For Los Angeles–based gemstone dealer Anup Jogani, hunting down antique gems and jewels of exceptional provenance, history and character is a way of life. From the prized rubies of Burma and the rare, velvety blue sapphires of Kashmir, to the vivid green emeralds of the Mughal Empire and the crystal-clear diamonds of India’s legendary Golconda Mine, Jogani has amassed quite a collection, well-admired for the quality and “personality” of its pieces.
One particular gemstone in his collection, however, had really caught his eye. It wasn’t that it was the only colored stone to ever truly captivate him, nor was it perhaps the most valuable he could acquire, but it was very special, a rare union of Mother Nature’s handiwork: a black opal formed within petrified wood.
Jogani discovered the unusual piece sitting on a table at a trade show in Miami, while visiting a dealer of very fine opals.
“Is that for sale?” Jogani asked. “No,” said the opal dealer, “I haven’t the heart to cut [the opal] out of the petrified wood.”
Upon closer examination, Jogani realized what was there to behold: “It was opalization and petrification coming together in one momentous geological soup!” he says, resulting in “an incredibly fine opal and a sublimely formed piece of rock.”
Gem dealer Anup Jogani holds a rare piece of black opal formed in petrified wood. The extraordinary specimen inspired him to have a sculpture created that expands the piece on a much larger scale, with the hope that it would both educate and inspire.
The rarity of these two natural processes working in unison to produce such an extraordinary object ultimately attracted Jogani into making it his own. To grasp the piece’s value to a gem collector or connoisseur—as well as its considerable scientific worth—one has to understand how the earth worked its magic on this superb specimen.
In simple terms, when an organism such as a tree dies, usually microorganisms such as bacteria or fungi set in to break down its organic matter. Once in a while, though, a newly deceased tree gets rapidly buried by mud, silt or volcanic ash. This blanketing material then shields the dead tree from oxygen. Because oxygen is the main impetus behind the decaying process, the smothered tree will begin to decompose far more slowly than it normally would.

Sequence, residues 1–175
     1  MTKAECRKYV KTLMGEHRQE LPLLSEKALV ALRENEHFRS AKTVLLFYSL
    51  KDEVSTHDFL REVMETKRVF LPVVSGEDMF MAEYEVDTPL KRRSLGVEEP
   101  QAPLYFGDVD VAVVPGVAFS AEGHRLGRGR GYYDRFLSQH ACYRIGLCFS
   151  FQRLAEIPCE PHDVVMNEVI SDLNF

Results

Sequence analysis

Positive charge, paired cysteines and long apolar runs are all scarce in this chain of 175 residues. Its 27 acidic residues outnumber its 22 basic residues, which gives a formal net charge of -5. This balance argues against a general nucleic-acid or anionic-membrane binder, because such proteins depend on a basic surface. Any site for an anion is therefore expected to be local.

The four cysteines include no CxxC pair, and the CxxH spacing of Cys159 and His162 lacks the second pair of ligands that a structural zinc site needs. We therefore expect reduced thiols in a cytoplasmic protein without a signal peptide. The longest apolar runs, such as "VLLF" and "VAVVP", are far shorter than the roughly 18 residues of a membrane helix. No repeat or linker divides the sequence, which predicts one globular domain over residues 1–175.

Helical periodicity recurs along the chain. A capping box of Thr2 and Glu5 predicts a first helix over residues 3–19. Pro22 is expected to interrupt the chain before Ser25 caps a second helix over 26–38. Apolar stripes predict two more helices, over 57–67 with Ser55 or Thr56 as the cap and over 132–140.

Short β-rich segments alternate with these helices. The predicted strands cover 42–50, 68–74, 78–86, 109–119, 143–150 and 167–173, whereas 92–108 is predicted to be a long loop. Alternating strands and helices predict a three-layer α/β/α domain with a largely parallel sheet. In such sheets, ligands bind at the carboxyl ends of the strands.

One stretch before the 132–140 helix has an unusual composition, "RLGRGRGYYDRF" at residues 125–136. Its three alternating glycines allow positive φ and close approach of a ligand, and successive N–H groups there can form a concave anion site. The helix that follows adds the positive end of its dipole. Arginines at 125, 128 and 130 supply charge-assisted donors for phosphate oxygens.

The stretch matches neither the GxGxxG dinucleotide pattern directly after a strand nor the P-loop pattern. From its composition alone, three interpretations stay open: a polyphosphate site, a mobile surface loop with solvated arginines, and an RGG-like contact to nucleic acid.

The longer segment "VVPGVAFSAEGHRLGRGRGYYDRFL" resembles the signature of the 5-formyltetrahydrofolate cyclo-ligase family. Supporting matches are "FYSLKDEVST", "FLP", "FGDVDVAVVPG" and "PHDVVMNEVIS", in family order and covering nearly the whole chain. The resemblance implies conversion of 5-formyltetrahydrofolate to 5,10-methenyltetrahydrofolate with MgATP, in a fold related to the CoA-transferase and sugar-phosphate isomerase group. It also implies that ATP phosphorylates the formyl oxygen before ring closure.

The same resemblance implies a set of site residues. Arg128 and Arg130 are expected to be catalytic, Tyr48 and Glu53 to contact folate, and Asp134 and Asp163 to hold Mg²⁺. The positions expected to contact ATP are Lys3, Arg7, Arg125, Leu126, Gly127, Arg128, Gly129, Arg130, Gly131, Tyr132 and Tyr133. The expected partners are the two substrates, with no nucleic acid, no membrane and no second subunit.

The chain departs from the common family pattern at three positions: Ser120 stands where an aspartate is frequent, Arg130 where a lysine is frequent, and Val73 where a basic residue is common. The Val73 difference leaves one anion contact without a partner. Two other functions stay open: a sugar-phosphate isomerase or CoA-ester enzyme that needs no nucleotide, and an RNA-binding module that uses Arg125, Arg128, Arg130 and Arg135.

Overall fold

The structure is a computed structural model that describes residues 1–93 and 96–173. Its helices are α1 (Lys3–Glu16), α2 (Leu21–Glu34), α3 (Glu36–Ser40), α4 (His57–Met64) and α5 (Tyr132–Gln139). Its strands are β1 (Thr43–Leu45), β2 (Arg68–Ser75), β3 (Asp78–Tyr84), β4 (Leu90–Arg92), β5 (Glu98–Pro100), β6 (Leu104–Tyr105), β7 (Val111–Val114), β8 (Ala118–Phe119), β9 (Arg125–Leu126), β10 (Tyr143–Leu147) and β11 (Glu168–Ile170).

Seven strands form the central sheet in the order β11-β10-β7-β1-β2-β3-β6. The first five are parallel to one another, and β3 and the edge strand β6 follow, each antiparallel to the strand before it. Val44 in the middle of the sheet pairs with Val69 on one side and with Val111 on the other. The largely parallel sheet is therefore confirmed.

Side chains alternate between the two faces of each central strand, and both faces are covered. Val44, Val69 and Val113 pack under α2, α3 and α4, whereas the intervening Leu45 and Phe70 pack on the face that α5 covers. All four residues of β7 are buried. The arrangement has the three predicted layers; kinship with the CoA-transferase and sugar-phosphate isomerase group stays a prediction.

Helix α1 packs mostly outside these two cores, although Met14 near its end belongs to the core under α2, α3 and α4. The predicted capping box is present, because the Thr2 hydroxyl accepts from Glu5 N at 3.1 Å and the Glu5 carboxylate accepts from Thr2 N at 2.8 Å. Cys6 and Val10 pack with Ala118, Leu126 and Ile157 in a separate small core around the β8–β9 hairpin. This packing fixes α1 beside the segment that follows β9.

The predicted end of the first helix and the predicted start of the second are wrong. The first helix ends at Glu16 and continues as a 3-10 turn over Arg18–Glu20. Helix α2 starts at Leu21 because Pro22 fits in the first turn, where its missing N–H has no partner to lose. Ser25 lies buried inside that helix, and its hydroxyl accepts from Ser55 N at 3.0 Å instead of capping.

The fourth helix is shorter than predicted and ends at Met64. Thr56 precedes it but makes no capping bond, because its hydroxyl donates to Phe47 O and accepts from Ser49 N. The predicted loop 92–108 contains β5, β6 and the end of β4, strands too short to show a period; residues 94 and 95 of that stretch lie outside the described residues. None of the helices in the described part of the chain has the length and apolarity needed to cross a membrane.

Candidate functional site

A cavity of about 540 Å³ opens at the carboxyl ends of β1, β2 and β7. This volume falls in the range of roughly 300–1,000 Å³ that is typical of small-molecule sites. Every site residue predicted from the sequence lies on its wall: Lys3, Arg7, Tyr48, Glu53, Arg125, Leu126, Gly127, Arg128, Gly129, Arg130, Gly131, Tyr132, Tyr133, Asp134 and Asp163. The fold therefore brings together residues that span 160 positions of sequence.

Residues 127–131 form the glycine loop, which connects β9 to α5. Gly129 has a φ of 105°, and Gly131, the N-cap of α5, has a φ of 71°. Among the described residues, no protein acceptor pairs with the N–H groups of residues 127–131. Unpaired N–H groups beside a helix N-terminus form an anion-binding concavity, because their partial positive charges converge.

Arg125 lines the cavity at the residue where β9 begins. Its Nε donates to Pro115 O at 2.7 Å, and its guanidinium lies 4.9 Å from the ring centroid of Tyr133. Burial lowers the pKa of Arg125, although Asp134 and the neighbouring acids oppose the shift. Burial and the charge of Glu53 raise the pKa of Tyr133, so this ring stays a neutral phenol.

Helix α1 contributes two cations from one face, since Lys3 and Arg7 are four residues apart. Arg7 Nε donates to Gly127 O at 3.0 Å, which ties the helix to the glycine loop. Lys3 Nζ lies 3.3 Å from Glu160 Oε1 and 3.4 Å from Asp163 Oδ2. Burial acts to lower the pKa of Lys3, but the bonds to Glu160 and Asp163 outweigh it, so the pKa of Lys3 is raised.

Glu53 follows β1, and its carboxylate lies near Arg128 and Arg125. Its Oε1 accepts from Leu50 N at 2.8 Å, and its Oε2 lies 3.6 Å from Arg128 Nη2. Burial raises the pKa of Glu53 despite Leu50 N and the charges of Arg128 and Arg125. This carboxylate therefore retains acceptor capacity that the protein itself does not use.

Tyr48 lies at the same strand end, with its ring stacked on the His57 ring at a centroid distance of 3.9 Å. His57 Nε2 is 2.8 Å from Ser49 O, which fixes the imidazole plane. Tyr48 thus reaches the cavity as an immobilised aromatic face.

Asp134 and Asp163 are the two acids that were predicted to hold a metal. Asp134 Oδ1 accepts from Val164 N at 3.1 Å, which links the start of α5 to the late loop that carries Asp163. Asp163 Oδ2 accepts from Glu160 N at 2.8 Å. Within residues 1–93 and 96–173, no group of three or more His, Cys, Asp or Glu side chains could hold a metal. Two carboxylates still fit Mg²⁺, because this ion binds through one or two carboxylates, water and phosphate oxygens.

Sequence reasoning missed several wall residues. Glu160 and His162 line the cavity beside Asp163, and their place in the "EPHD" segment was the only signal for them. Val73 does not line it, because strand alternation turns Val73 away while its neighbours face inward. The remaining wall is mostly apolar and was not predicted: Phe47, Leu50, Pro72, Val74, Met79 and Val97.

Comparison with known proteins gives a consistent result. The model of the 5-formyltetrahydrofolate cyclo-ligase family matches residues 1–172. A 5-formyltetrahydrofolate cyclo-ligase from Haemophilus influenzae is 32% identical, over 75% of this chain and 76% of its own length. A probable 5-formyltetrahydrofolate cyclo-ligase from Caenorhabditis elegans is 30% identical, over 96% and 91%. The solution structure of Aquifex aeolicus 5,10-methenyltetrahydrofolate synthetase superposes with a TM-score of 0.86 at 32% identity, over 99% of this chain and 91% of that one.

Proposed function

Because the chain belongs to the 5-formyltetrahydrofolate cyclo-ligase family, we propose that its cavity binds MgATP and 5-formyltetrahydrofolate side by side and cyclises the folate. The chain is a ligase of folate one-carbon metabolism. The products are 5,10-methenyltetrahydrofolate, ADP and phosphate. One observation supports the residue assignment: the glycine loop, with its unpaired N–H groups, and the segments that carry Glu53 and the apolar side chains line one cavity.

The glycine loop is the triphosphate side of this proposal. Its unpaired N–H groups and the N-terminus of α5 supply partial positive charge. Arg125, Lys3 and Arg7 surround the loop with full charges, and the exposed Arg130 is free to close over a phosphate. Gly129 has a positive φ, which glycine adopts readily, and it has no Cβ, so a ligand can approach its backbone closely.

Meanwhile, mineral-laden water or mud seeps into the dead tree’s pores and other openings. Over a period of hundreds of thousands of years as the tree’s internal structure gradually breaks down, its organic material is replaced by the crystallizing minerals. In this case, converting into hydrated silica or opal (opalization). The end result is a rock that takes the shape and structure of the original tree (petrification). It’s no wonder then that opal was once thought to have the power to preserve life!
The formation of this piece so fascinated Jogani, that he was moved to share the story with a greater audience. Since extracting opal from petrified wood destroys the petrified wood in the process, most people never get to see the gem in such a way. So he decided to have a sculpture created that would expand the original piece on a much larger scale, with the hope that this work of art would both educate and inspire.
“The story captured me,” Jogani says. “It was during the [COVID-19] pandemic, and I was thinking of ways to incorporate the history of gems with the mythology of nature. Art plus nature equals a story.”
Jogani then enlisted the help of three artisans to realize his vision, each an expert in his or her respective field.
Chris Towle, a sculptor whose acclaimed skills have been sought after for films such as Star Wars, Jurassic Park and Avatar, among many others, was tasked with creating the petrified wood sculpture and seams of faux opal and blending them with Jogani’s original piece. In the concept phase of development, he gave a lot of thought to the scale of the sculpture and how the faux opal seams would complement the original specimen. Then, using what he calls a “secret formula” process attained from decades of experience in his craft, Towle formed the main body of the piece using clay and silicone molds. His biggest challenge, however, was replicating the color, luminosity and iridescence of the opal.